6. Not done yet. I still need finish prep and finish. So I'll be softening all the edges and the smoothing plane will remove all the pencils. One of the goals on this was no power tools and no sand paper. I did use the thickness planer but that's all.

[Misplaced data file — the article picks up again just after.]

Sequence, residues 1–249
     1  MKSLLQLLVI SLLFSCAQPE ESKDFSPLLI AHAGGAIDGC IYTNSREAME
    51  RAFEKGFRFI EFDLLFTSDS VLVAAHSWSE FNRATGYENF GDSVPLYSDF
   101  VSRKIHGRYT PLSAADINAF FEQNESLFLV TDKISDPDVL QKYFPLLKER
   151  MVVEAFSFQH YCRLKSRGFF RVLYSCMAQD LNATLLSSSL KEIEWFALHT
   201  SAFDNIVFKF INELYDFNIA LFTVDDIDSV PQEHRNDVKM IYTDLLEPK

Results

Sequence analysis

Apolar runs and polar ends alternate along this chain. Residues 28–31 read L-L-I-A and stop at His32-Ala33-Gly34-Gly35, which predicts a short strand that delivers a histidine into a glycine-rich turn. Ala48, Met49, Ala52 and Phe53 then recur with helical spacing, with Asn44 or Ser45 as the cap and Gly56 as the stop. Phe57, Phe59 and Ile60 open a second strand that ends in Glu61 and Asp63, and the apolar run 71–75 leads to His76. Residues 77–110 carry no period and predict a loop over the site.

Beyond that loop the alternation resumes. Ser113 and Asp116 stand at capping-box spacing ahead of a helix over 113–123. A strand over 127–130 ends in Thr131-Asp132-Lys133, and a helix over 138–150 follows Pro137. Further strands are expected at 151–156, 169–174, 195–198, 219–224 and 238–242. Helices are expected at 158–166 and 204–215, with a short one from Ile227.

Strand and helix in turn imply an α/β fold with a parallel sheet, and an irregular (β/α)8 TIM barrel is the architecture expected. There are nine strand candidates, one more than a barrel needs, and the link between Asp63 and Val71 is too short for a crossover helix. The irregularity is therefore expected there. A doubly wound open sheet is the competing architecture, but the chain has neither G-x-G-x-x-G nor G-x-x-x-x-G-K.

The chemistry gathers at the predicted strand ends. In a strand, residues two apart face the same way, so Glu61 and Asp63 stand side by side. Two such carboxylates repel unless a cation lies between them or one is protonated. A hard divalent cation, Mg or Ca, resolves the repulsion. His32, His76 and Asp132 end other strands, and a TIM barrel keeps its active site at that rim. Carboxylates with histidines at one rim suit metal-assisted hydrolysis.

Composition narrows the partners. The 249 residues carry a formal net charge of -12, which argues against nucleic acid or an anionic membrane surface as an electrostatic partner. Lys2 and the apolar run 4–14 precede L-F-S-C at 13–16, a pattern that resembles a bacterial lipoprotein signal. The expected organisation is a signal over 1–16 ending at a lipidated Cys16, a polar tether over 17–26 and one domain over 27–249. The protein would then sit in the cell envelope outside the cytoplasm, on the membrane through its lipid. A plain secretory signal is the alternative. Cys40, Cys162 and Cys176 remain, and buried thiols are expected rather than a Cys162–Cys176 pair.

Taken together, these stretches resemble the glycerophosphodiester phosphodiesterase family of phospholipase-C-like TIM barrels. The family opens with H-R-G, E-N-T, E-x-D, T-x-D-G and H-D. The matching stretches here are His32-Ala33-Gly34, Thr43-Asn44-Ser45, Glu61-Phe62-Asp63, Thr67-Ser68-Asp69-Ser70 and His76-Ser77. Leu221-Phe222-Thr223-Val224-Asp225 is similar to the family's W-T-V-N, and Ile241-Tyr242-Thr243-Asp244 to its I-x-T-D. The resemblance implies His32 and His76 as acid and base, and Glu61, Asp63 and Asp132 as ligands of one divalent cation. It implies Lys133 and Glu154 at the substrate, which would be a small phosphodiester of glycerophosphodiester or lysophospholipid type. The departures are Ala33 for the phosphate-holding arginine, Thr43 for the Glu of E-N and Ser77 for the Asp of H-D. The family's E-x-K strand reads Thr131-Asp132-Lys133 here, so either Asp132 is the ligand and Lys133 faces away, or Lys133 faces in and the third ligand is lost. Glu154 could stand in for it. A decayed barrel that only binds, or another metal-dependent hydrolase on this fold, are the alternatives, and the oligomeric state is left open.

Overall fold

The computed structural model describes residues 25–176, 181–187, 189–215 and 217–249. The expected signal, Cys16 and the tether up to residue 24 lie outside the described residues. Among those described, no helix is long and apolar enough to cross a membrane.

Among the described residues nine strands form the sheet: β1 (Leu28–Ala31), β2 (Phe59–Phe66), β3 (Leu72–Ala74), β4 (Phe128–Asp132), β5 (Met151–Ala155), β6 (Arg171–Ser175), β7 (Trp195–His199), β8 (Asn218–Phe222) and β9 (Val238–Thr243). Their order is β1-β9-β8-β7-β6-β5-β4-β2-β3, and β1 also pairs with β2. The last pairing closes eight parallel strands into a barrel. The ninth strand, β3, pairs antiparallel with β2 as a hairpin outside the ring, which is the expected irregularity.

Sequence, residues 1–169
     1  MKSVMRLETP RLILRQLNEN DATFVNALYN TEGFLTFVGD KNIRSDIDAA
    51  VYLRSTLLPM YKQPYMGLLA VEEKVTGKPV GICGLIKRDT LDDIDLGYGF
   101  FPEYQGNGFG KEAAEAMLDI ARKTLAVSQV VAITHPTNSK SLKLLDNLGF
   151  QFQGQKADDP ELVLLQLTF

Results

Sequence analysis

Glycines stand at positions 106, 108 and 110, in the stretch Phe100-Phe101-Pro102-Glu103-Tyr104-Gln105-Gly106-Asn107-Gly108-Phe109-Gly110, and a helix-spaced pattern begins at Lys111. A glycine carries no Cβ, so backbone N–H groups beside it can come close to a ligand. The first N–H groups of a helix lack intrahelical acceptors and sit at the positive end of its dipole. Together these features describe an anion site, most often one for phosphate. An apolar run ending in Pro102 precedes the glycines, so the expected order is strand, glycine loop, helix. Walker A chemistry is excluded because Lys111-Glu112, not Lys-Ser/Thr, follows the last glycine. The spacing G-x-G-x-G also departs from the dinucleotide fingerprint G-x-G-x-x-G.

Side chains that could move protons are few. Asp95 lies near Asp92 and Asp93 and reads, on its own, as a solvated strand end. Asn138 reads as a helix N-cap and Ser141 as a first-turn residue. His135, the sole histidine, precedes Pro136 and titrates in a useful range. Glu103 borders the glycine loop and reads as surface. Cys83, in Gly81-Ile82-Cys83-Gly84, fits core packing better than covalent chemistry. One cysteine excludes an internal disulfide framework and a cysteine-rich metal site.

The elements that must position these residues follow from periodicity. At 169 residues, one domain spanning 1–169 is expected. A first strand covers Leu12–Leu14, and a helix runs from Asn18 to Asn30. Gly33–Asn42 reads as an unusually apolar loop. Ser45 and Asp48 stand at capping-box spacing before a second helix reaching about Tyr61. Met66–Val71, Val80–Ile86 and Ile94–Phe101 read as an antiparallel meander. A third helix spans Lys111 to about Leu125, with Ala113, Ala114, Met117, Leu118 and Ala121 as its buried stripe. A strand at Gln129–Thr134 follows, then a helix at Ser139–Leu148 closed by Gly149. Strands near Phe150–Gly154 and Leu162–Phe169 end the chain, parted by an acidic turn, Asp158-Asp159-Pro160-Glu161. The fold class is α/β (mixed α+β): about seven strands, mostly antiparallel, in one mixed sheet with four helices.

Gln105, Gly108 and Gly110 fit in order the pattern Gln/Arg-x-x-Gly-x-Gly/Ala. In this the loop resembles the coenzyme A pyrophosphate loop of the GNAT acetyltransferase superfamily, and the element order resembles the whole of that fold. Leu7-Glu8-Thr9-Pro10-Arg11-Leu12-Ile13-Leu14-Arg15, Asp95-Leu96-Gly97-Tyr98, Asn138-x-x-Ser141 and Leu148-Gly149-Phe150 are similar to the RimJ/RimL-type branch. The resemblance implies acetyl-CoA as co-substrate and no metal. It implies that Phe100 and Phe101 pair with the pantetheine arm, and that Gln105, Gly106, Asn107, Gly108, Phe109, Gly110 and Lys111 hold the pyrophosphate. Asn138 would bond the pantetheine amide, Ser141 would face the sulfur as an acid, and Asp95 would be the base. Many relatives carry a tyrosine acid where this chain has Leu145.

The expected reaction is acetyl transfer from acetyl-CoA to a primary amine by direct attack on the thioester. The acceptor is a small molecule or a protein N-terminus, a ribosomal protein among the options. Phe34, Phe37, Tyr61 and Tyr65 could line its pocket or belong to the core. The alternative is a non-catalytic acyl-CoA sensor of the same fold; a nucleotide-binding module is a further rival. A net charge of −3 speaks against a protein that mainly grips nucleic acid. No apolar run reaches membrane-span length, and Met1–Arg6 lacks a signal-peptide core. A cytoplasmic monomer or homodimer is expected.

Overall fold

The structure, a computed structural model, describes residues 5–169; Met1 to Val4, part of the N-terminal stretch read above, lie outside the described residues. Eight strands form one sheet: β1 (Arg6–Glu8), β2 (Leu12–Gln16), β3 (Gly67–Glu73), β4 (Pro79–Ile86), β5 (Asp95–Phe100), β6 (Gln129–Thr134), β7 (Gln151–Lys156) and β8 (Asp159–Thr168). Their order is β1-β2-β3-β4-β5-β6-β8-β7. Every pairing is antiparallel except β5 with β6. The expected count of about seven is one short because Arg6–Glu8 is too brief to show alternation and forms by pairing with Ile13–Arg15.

7. I absolutely love making small boxes and it had been a while since I last made one. As you guys know, boxes are awesome because you get to practice joinery and do experiments on something small scale so if you screw up a part you will only be wasting a small piece instead of something large like the entire leg of a trestle table. I'm getting close to being done on what I have titled The Up-Side Down Right-Side Up Placebo Box. (The "Up-Side Down Right-Side Up" part I will explain later.) The box will be used to house some essential oils which I like to tease my wife and call them placebo oils. It is beyond the scope of this journal to get into whether essential oils actually work because of the placebo effect, or if they work because of or whatever. Many of them do seem to work for me, though there is a really good chance they are only working because of the placebo effect, but as long as they work I don't care why they are working. I'm not done with this box yet but here are a couple of pictures to start off with of the dry assembly with not handle on the lid. Gives you a sense of the over-all look. I was shooting for a Japanese-ish style look. I think I pulled that off. This design started off with bad drawings. I used the technique that Mike Pekovich wrote about in his book that many of you have recommended. (I recommend it also.) The one where you make lots of small drawings and do them fast with very little detail. That way you can crank out lots of different designs in a small amount of time. Doing this I quickly identified what I did and did not like. Once I had a design concept figured out I measured some placebo bottles to figure out the overall inside dimensions. This concludes the planning part of this project, I'm more of a fly by the seat of your pants kind of guy. And with that, it was time to make saw dust. Here is the board I am making this box out of. This is teak that is approximately 3/4" thick. I did not buy this board because as most of you folks know teak prices are kind of on the high side. I got this board from a local guitar maker. He had come to me because he needed a wrap done on a guitar for some event (for my day job I own a sign company so wrapping vehicles and other things is a big part of what we do) and he needed it in a hurry. Once we were done with the wrap he asked what he owed me, well if you know any guitar makers then you know all of them have a collection wood that they "will make something out of some day", so I told him that he had to pay me in wood. He gave me this piece of teak (which has some kind of oil finish on it in the picture) a smaller highly figured piece of teak and some canary wood. It pays to be friends with guitar makers. I started by just milling up the box sides. I did all this by hand except I used my planer for thicknessing. To get the ends true for the dovetails I needed to use a shooting board. Which was a problem because I don't have a shooting board. I have been meaning to make one for like a year or so, I just had not gotten around to doing it. No time like the present I guess. It went pretty well too. I was very surprised that I was able to get it square of the very first try. Have a look! There is zero light leaking through. Feels good man. Dovetail time. I'm a dirty cheater and am using the Katz-Moses jig. This is only the second time attempting dovetails and I just don't have the hours to dedicate to properly learning hand cut dovetails. So stop judging me jerks! The above is my dovetail gear. What you don't see is any chisels. That is because I don't have dovetail chisels, I know you don't NEED dovetail chisels, but I wanted some, so I made some. I posted this in another thread but for those of you who did not see that post I'm going to post it here as well. I had just read The Joiner and the Cabinet Maker (which I can't recommend enough by the way) and in that book Christopher Schwarz explains how to make dovetail chisels. According to Schwarz you can just get some cheap chisels and file the side bevels to a point. Schwarz also says that you can use a grinder or a belt sander instead of a file as long as you don't let the metal get so hot it looses it's temper. So, equipped with some extremely high quality Harbor Freight chisels I got to grinding with a belt sander. The chisel on the left is the before and the two on the right are the after. Took me maybe 10 minutes tops. Honing and sharpening took longer. They are not pretty, not by a long shot. But they work like a charm! It was hot that day by the way. I had a swamp cooler running in my garage that is why the humidity is so high. Yes, here in Arizona, 30% humidity is high. The coping saw (or maybe that is a fret saw, I always get the two confused) was from Harbor Freight as well. I assumed that it would be worthless and frustrating, but the thing cut like a champ. This teak is extremely easy to work this so I don't know how the saw would have performed in something less forgiving like oak, but I am happy with how well it did. Dry fit of the sides. I did not plan to make these proud dovetails, I wanted the dovetails to be just a tiny bit proud so that I could just plane them flush. I added 1/16" which was way too much. But I love it. So I'm keeping it. With the sides of the box done it's time to make the bottom and the top. These are pretty simple in that both of them are just rectangles with a bevel, but I was having trouble wrapping my head around how to do the bevel. Then I remembered something I heard in a Youtube video at some point. I can't remember who said it (I think it was either the Highland Woodworker or maybe William Ng) but it has stuck with me for years. I'm not going to quote it but it was something to the effect of: If you break woodworking down to it's simplest form, woodworking is just marking a line, and cutting to the line. No matter if you are using a chisel or a table saw or sand paper or a plane, you are just marking a line, and cutting to the line. So that's what I did. I marked the line.... And started cutting. At first I was using just a block plane but that was pretty slow so I switched to the scrub plane and things started really moving fast. I would get close with the scrub plane.... Then finished off with the block plane. Not only did this work very well, it was pretty fun too. It went surprisingly fast. The scrub plane even worked really well on the end grain. Sides, top and bottom are done, all that is left is the internals and the lid handle. I used some of my kids construction paper to mock up some lid handles and finally landed on this one: This is where the "Up-Side Down Right-Side Up" part of the name come in. At some point while figuring out the lid hand I had set the box down up-side down. I stared at this up-side down box for a really really long time. I was stuck, I had no idea which look I preferred. I like both looks so much. In the end I decided to keep this thing the original way I had designed it. I figured that since this was such a simple build it would be no problem for me to build an up-side down version in the future. Dowels were used to attache the lid. We are pretty much caught up to the present. All that's left is to put finish on. My finishing schedule is two coats of boiled linseed oil followed by Danish Oil and finished off with paste wax. I have used this finish before and it is by far my favorite. The only down side is that it takes a really long time. Even in the desert heat I have to wait multiple days between coats. After the finish is all cured and done I'll get some glamour photos and report back. Thanks for sticking with me.